to modify the source code of my library.

Wait, you have to modify one type definition, right? Is that really not satisfactory? I don't understand this line of reasoning.

No, it's not satisfactory, because I'm not always in control of the type definition.
 I can't say I ever used typedef when it was allowed.

That doesn't make it useless. :P
 I can see how it can be useful in certain situations, but I 
 think the path is available to make an equivalent library 
 solution work (it seems several people have said it doesn't, 
 why not spend time trying to fix it rather than complaining 
 about features that aren't coming back?)

Um... if people don't agree that size_t should be a different type, why would I spend time 'fixing' something that won't be used anyway?
 (I'm pretty sure none of the people who suggested using 
 TypeDef for HWND realized that we'd have to do the same thing 
 for size_t and such. Otherwise, when I'd have asked about 
 that, the response wouldn't have been "who cares".)

I think they didn't realize it because it's completely false ;) You saying it's not false doesn't make it any more true.

It might have been false, but if so, that falsehood definitely wasn't communicated. So from my perspective, it's true. (I don't have ESP to figure out what people *really* think of, sorry... and no pun intended :P)
May 07 2012
prev sibling next sibling parent "Steven Schveighoffer" <schveiguy yahoo.com> writes:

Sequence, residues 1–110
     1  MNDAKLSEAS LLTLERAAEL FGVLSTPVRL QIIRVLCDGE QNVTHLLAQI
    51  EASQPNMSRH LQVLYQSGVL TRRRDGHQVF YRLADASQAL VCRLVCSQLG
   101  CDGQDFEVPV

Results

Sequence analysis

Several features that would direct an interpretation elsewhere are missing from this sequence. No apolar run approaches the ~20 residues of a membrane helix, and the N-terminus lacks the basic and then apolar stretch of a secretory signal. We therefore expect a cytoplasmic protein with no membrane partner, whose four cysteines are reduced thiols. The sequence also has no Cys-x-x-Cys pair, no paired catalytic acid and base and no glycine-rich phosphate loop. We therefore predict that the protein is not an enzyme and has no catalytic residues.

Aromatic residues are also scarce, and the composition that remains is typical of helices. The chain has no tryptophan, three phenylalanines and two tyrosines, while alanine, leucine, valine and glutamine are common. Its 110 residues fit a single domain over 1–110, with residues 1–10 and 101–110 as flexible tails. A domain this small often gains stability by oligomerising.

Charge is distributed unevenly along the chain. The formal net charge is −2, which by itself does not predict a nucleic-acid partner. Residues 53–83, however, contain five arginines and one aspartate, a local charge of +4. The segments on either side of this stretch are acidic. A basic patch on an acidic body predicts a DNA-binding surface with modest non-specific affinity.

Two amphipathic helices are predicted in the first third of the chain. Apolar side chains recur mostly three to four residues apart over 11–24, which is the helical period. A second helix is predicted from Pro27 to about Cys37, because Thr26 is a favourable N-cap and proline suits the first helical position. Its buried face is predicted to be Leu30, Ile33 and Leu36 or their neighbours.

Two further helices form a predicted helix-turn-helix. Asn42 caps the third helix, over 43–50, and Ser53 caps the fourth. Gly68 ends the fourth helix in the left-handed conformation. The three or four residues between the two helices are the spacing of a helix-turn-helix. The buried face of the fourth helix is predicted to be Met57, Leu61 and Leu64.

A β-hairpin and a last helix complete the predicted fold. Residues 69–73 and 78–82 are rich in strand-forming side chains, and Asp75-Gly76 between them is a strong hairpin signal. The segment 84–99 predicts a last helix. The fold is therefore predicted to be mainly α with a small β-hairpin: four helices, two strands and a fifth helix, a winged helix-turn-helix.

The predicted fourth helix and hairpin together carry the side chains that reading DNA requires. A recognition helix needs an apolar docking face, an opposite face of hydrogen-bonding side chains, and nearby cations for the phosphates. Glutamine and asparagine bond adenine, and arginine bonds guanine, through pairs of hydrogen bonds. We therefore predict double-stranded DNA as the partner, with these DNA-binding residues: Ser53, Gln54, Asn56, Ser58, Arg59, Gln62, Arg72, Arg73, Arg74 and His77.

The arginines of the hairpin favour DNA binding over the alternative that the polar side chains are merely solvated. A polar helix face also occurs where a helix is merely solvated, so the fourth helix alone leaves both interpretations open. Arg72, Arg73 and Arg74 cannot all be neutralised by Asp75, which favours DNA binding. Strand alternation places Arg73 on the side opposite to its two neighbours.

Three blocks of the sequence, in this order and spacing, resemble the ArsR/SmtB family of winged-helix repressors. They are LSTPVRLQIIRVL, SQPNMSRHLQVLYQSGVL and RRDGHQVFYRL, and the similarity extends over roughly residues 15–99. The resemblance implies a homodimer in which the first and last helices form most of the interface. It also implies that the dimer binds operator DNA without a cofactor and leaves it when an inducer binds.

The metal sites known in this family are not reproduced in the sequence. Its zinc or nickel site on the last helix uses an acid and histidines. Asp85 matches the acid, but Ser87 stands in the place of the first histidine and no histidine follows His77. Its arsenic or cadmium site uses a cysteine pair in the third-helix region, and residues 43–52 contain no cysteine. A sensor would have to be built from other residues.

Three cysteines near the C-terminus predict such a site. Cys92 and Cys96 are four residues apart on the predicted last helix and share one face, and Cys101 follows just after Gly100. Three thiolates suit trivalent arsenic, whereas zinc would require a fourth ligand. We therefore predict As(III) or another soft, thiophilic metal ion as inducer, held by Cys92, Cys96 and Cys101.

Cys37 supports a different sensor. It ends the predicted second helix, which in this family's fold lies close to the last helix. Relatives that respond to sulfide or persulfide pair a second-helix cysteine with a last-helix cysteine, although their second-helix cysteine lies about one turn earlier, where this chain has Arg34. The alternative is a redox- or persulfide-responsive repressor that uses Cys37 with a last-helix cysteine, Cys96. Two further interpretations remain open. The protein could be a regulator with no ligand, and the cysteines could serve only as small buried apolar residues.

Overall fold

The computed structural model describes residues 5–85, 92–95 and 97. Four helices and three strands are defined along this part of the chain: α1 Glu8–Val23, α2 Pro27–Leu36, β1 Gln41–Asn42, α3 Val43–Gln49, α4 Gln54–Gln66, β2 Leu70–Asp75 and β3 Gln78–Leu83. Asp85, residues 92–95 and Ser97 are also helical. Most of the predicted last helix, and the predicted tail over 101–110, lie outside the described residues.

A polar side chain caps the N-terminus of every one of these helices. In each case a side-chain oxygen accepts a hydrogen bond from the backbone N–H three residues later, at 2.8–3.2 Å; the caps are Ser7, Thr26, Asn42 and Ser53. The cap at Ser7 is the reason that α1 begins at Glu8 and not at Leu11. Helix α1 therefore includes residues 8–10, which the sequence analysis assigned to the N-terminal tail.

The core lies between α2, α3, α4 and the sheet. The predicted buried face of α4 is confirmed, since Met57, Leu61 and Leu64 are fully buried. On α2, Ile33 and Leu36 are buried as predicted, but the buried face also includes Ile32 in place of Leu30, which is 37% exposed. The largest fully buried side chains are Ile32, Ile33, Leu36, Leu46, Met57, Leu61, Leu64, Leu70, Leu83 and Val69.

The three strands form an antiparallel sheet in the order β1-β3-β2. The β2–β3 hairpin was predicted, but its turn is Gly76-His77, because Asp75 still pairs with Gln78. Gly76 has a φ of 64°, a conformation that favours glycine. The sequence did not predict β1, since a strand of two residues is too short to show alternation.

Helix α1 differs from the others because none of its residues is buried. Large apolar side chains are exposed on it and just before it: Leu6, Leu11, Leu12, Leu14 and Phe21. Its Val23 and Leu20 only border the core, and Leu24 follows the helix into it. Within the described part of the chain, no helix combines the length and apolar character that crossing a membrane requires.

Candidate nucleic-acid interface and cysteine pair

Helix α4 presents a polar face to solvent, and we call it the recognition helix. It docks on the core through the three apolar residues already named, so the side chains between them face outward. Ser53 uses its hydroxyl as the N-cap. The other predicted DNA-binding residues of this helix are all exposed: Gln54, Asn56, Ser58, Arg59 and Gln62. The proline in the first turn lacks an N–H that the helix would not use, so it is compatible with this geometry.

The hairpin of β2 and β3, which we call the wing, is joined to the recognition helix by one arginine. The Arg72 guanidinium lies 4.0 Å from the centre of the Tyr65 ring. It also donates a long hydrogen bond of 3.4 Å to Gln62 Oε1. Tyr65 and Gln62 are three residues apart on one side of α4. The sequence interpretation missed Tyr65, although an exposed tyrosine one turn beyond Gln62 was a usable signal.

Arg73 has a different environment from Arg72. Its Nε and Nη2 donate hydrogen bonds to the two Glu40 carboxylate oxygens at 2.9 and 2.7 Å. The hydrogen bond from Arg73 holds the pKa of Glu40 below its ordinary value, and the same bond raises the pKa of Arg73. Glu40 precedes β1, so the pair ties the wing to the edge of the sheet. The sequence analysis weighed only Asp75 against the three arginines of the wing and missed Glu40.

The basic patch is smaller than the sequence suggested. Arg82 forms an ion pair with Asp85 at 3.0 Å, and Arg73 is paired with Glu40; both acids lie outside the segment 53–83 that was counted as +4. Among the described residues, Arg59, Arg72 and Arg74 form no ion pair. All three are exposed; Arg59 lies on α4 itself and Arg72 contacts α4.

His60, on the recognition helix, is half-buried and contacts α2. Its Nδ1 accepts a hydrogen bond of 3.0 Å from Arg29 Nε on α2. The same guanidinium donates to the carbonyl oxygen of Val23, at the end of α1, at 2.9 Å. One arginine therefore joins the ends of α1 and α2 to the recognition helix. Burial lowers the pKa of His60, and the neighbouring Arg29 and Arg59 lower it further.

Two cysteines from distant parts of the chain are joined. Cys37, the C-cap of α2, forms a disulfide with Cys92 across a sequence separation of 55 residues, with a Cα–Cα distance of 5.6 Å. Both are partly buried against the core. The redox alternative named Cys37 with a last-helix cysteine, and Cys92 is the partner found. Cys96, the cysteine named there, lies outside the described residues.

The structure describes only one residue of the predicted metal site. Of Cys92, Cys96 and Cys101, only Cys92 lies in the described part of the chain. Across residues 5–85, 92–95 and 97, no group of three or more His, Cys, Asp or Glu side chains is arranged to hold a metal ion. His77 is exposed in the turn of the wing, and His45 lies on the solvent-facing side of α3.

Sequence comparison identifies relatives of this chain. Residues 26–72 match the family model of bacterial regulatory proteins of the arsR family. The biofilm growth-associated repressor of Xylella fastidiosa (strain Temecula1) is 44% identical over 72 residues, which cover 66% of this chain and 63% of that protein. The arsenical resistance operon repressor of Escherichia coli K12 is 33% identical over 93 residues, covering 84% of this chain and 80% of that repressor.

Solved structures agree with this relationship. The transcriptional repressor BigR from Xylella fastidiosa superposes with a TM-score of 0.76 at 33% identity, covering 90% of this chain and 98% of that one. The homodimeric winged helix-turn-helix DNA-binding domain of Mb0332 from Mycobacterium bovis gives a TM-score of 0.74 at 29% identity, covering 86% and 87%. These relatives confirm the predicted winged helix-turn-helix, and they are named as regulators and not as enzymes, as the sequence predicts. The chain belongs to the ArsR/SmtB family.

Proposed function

On Mon, 07 May 2012 12:10:20 -0400, Mehrdad <wfunction hotmail.com> wrote:

 On Monday, 7 May 2012 at 12:18:36 UTC, Steven Schveighoffer wrote:
 No, they are the same function.  size_t is aliased to uint.  What *you*  
 want size_t to mean is not what it is, it's an alias to the word-sized  
 unsigned integer on a platform.  Get used to it, use another type if  
 you don't want it to be that.

No kidding! I use a different language altogether when I don't like D. That doesn't tell me anything useful though...

Nothing in this whole thread seems to be very useful. I don't know how else to answer your post except -- sorry, we're not going to change it.
 It's the same in C/C++ BTW.  D's alias === C's typedef, and C's size_t  
 is a typedef.

Did you read my own response to someone else? You're telling me something I already mentioned myself... My response: "C++ doesn't even _have_ reflection, and it treats typedefs pretty much the same as D does right now..."